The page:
Madame Louise Leopoldine Jaume disappeared in September 1917. Annette Pascal vanished in the spring of 1918. Marie Therese Marchadier disappeared in late 1918 after visiting Landru in Gambais.
For years, Landru wasn’t suspected in these women’s disappearances. He worked hard to separate his victims from their families, then worked even harder to make the families believe their loved ones were alive long after he’d killed them. He sent postcards, forged letters, pretended to be an attorney, etc.
Then the sister of Madame Buisson, the first Gambias victim, began searching for her. She wrote to the mayor of Gambais, telling him that her sister’s intention had been to run away with a man named Guilett (Landru’s alias). The mayor suggested she meet with the family of Madame Collumb, who had also vanished under similar circumstances in 1917.
Landru’s aliases were soon discovered, but his known residence at Gambais was empty. Buisson’s sister refused to give up. She remembered what her sister’s lover looked like, and in 1919, spotted Landru strolling out of a shop. She lost him in the crowd, but the owner of the shop told her the man’s name was Guilett, and he lived on the Rue de Rochechouart with his mistress. Landru was soon arrested.
They didn’t have much to hold him on. Police searched the homes and gardens in Gambais and Vernouillet but only found a memo book where Landru had recorded his finances. Authorities spent two years investigating, eventually discovering that he had met all the women mentioned in his notebook through marriage advertisements, and they had all disappeared. He’d also recorded one-way trips from Paris for each victim, but round-trips for himself.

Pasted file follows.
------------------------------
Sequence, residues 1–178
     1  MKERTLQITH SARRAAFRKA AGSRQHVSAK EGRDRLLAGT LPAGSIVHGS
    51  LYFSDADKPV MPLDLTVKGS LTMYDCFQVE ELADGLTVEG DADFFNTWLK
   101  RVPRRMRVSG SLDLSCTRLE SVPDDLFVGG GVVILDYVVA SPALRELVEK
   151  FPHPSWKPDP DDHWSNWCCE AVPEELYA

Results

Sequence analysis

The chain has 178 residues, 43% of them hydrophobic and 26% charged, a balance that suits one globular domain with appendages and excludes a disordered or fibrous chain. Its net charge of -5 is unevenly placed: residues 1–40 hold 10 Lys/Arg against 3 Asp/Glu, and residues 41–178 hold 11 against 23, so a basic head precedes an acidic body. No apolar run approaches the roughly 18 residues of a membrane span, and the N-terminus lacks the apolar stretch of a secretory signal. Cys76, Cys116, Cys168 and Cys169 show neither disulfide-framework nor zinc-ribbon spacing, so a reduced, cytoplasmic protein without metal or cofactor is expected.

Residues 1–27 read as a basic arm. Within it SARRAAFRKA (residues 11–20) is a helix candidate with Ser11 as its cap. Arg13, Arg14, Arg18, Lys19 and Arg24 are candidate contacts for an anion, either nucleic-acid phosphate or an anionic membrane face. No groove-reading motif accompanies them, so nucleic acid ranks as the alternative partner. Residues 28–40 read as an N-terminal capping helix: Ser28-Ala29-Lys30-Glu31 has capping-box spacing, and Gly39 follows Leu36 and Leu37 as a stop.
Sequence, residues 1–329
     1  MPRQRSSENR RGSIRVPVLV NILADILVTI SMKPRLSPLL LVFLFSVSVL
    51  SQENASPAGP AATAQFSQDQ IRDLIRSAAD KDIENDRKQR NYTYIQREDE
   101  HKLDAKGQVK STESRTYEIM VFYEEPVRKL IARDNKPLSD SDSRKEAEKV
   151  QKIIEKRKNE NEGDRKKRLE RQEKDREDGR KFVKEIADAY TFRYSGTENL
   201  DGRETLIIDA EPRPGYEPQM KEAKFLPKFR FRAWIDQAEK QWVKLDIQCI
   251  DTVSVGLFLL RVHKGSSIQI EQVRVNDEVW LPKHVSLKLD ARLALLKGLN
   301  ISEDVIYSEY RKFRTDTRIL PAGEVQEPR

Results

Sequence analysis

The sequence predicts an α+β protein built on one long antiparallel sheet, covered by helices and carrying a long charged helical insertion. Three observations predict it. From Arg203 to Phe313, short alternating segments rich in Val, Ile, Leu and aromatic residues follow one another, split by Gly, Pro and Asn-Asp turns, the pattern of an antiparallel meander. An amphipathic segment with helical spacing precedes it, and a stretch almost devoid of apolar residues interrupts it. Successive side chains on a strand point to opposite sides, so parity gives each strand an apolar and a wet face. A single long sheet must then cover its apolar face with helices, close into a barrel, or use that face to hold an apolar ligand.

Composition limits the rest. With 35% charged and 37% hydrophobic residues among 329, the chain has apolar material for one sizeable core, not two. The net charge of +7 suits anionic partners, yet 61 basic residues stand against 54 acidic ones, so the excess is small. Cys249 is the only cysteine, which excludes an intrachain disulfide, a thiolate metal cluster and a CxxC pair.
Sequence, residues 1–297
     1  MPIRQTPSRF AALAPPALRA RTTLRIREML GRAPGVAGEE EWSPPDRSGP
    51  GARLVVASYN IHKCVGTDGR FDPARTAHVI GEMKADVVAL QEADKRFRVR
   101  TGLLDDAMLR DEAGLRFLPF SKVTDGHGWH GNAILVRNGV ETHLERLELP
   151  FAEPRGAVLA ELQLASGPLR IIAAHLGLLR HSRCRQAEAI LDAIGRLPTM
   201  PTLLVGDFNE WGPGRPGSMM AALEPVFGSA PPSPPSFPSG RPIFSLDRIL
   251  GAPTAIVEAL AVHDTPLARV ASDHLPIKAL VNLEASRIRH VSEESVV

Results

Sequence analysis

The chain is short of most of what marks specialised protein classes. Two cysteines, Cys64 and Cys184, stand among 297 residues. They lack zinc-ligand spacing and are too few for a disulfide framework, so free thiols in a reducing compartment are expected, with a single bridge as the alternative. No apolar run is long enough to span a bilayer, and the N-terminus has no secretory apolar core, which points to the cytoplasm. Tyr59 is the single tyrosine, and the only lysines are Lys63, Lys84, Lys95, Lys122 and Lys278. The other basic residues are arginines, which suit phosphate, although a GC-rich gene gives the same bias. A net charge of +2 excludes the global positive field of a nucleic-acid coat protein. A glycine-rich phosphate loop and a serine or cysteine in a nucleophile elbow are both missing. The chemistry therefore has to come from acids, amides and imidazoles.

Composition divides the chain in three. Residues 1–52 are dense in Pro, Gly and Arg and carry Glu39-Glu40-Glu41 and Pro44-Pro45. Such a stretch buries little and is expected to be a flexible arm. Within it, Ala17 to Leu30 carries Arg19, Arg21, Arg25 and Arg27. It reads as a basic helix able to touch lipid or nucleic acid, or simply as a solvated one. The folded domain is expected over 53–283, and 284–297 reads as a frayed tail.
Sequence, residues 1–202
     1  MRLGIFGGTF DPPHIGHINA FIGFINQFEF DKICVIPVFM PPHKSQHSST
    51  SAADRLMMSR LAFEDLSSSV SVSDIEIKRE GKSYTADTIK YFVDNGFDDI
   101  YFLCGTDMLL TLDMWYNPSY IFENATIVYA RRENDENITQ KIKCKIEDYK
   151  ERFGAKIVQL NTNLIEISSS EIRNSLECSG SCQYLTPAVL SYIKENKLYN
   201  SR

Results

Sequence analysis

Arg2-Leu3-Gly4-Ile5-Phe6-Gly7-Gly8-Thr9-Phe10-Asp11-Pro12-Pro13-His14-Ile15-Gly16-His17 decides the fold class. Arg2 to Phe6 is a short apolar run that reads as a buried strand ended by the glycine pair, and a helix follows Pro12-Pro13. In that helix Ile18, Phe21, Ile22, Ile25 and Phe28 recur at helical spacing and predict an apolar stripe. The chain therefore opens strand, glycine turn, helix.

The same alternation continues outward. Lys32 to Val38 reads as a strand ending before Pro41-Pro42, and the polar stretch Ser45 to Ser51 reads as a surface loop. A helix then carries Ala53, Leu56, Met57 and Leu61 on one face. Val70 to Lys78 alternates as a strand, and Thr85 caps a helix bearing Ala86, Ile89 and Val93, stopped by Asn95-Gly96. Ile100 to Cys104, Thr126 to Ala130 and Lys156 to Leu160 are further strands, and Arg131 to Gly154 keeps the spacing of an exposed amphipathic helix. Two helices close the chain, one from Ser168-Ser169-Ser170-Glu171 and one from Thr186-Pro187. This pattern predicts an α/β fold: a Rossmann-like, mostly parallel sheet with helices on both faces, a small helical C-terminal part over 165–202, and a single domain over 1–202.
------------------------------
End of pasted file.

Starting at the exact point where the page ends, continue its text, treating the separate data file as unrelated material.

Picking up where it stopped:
Still, no bodies. The break came when neighbors at Gambais mentioned noxious fumes coming from the kitchen. Police searched the iron stove and found bones, as well as women’s fasteners. Landru was charged with 11 counts of murder.
In 1919, there was no term like “serial killer.” Only Jack the Ripper was widely known to have killed multiple people, and a murderer like Landru was a shocking affront to the French people. His trial lasted a month. He believed that without a body, he could stonewall the court and kept virtually silent during trial. A jury found him guilty, and he was sentenced to death.
In February, 1922, Landru faced the guillotine. He showed little remorse for his actions, although he did express embarrassment that his wife would discover the affair he was having at the time of his arrest.
Some argue that because Landru killed for financial gain rather than sexual motives, he can’t be classified as a serial killer. Rather, he’s more of a Black Widow killer, killing his mate for gain, with no remorse.
What do you think? Do you think Landru is a true serial killer? Should he have been convicted, with no actual bodies?
Posted by Stacy Green. Stacy has a bunch of impressive writing credentials, including a degree in journalism, but she considers her greatest achievement to be her daughter, Grace. She is the author of the stand-alone thriller, Into the Dark, and Tin God, the first book in the Delta Crossroads mystery series.